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Cover of a diary, center: black and white portrait photo of a young lady. She wears a high-necked dress with hat in the style of the 1910s. Right: cover of a worn diary with leather binding and the golden lettering “Tage-Buch” (diary).

I Want Dr. O.”

Leonie Meyer’s Diaries from the Years before her Marriage (1910–12)

The German word for diary (literally “book of days”) is written on the cover of the slim little book. The gilded letters are just as shiny as ever. Apart from that, the wear and tear of time is unmistakable. Indeed, the diary is more than 100 years old and traveled quite a bit around the world before arriving at our archive in 2016 as part of an extensive family collection, to be preserved here for future generations and made accessible to researchers and the interested public.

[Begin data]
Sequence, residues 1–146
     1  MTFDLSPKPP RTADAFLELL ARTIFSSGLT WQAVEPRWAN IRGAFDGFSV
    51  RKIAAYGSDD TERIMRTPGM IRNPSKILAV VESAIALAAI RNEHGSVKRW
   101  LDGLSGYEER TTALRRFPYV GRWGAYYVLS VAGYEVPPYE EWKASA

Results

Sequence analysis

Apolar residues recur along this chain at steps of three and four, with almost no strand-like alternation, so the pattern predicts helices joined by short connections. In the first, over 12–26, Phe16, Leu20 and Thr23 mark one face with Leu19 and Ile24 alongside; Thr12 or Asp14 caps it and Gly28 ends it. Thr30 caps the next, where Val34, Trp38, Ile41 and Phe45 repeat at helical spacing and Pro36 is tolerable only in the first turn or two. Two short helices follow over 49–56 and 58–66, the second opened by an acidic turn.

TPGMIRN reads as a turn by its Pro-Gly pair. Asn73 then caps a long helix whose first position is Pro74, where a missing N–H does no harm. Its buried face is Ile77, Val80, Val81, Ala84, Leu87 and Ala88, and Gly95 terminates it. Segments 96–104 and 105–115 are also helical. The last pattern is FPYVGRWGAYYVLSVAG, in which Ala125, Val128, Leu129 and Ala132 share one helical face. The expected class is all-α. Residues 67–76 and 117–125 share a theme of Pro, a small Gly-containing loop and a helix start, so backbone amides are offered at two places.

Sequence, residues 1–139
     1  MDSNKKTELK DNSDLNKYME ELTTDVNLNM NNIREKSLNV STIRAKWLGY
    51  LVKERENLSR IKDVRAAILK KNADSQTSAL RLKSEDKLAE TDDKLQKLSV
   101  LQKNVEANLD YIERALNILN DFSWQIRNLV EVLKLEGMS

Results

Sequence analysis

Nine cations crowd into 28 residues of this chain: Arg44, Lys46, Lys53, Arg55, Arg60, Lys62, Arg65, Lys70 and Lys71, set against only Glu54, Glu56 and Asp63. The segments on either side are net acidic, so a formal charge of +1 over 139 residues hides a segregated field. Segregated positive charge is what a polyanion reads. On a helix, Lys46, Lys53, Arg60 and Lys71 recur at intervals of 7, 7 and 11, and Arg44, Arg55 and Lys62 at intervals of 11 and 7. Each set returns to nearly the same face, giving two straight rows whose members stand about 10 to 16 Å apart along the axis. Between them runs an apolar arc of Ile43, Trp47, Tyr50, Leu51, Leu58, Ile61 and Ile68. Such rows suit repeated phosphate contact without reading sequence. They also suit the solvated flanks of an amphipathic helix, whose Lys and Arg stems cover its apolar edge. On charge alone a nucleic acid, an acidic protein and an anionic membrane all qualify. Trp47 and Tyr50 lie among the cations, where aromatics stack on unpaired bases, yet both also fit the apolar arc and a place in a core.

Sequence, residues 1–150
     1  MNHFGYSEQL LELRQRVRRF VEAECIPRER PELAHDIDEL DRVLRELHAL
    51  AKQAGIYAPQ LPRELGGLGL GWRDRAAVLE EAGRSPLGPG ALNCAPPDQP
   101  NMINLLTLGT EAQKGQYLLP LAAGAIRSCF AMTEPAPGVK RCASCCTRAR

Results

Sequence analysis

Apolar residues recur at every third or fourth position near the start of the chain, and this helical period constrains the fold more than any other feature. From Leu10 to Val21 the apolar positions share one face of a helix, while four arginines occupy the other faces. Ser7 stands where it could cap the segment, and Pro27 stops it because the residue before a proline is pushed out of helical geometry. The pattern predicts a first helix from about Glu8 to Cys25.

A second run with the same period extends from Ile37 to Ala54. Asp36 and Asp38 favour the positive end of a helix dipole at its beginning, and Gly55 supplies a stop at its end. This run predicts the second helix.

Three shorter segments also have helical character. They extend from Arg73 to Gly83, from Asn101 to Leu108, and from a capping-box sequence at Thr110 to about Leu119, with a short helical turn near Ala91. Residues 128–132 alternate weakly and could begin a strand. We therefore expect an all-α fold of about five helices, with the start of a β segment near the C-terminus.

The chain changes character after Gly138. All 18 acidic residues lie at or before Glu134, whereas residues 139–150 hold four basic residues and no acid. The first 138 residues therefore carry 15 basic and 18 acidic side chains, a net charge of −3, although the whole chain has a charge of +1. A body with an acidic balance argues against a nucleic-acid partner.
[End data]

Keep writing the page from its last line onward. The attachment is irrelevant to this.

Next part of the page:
The leather cover is battered. The lock, which once guarded the diary from prying eyes, is damaged and has long stopped serving its function. And so we can peruse everything that was confided in the diary during the years from 1910 to 1912, and get some insight into the life of its original owner, Leonie Meyer (1887–1948).

Leonie Meyer kept a diary for many years, not daily but at regular intervals. Only some of the entries are dated. There are a total of seven surviving volumes, which span a period of 27 years and trace her progression from a teenager to a 41-year-old woman.